Hybridity has a greater effect than paternal genome dosage on heterosis in sugar beet (beta vulgaris)
Hallahan, Brendan F.
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Hallahan, Brendan F. Fernandez-Tendero, Eva; Fort, Antoine; Ryder, Peter; Dupouy, Gilles; Deletre, Marc; Curley, Edna; Brychkova, Galina; Schulz, Britta; Spillane, Charles (2018). Hybridity has a greater effect than paternal genome dosage on heterosis in sugar beet (beta vulgaris). BMC Plant Biology 18 ,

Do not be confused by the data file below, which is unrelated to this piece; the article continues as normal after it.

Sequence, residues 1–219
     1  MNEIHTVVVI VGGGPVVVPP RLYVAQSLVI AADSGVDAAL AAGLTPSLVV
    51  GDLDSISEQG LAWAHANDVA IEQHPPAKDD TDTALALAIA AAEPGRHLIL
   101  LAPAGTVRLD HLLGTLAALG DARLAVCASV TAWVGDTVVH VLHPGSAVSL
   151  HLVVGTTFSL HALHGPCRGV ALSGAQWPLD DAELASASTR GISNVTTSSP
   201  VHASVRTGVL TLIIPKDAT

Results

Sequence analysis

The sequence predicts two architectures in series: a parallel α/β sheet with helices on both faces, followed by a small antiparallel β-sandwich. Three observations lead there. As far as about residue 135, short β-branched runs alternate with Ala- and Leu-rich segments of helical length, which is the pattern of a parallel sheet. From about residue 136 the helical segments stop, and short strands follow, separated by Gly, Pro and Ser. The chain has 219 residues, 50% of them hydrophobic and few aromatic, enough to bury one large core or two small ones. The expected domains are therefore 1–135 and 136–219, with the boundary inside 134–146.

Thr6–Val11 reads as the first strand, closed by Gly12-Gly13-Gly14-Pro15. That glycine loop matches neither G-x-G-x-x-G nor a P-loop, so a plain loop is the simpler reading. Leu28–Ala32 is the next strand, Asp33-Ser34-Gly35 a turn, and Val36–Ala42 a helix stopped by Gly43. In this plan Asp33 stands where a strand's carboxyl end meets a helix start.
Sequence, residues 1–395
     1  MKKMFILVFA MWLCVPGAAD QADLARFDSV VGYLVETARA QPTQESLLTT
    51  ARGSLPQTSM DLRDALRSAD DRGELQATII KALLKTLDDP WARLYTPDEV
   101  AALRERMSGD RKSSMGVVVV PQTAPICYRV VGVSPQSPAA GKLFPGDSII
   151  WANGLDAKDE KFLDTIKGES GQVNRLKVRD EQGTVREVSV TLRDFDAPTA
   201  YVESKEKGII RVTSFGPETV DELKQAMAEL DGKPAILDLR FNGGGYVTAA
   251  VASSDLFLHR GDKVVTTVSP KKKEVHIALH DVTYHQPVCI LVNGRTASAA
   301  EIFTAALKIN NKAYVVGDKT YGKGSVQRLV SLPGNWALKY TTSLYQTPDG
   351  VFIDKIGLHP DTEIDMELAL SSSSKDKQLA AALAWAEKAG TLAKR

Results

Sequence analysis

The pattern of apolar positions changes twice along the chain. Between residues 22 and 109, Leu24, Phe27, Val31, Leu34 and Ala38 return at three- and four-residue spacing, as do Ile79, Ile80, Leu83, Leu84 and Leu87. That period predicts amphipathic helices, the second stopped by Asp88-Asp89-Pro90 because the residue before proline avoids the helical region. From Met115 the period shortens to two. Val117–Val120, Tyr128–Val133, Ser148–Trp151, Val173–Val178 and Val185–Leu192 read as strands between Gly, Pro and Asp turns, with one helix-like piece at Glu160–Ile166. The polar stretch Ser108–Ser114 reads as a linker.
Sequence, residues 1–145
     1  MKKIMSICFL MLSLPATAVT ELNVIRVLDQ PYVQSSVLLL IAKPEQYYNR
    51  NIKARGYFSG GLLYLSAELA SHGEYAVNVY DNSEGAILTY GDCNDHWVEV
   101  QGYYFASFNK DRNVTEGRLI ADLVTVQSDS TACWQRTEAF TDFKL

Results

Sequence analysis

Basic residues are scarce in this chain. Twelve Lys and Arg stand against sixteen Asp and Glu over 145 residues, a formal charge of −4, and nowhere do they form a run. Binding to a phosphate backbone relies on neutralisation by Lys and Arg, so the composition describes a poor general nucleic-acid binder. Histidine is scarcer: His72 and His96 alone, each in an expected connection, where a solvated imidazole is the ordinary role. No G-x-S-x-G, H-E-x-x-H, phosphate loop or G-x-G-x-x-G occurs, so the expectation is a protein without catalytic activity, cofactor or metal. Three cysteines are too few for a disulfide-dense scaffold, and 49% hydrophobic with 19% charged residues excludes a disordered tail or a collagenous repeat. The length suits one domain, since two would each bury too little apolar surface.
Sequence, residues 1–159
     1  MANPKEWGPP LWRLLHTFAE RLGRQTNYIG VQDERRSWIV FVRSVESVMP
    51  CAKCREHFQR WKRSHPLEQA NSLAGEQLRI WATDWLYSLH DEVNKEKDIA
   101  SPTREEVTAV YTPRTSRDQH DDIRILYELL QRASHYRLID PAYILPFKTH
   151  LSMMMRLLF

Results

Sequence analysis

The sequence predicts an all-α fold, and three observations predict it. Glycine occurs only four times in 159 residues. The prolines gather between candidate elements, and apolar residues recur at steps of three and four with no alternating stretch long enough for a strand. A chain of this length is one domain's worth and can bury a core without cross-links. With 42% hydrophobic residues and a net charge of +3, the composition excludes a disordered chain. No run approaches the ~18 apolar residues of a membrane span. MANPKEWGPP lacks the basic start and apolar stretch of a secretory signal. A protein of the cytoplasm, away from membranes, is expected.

Background: The phenomenon of heterosis is critical to plant breeding and agricultural productivity. Heterosis occurs when F1 hybrid offspring display quantitative improvements in traits to levels that do not occur in the parents. Increasing the genome dosage (i.e. ploidy level) of F1 offspring can contribute to heterosis effects. Sugar beet (Beta vulgaris) provides a model for investigating the relative effects of genetic hybridity and genome dosage on heterosis. Sugar beet lines of different ploidy levels were crossed to generate diploid and triploid F1 offspring to investigate the effect of; (1) paternal genome dosage increase on F1 heterosis, and; (2) homozygous versus heterozygous tetraploid male parents on F1 triploid heterosis. A range of traits of agronomic and commercial importance were analyzed for the extent of heterosis effects observed in the F1 offspring. Results: Comparisons of parental lines to diploid (EA, EB) and triploid (EAA, EBB) F1 hybrids for total yield, root yield, and sugar yield indicated that there was no effect of paternal genome dosage increases on heterosis levels, indicating that hybridity is the main contributor to the heterosis levels observed. For all traits measured (apart from seed viability), F1 triploid hybrids derived from heterozygous tetraploid male parents displayed equivalent levels of heterosis as F1 triploid hybrids generated with homozygous tetraploid male parents, suggesting that heterosis gains in F1 triploids do not arise by simply increasing the extent of multi-locus heterozygosity in sugar beet F1 offspring. Conclusions: Overall, our study indicates that; (1) increasing the paternal genome dosage does not enhance heterosis in F1 hybrids, and; (2) increasing multi-locus heterozygosity using highly heterozygous paternal genomes to generate F1 triploid hybrids does not enhance heterosis. Our findings have implications for the design of future F1 hybrid improvement programs for sugar beet.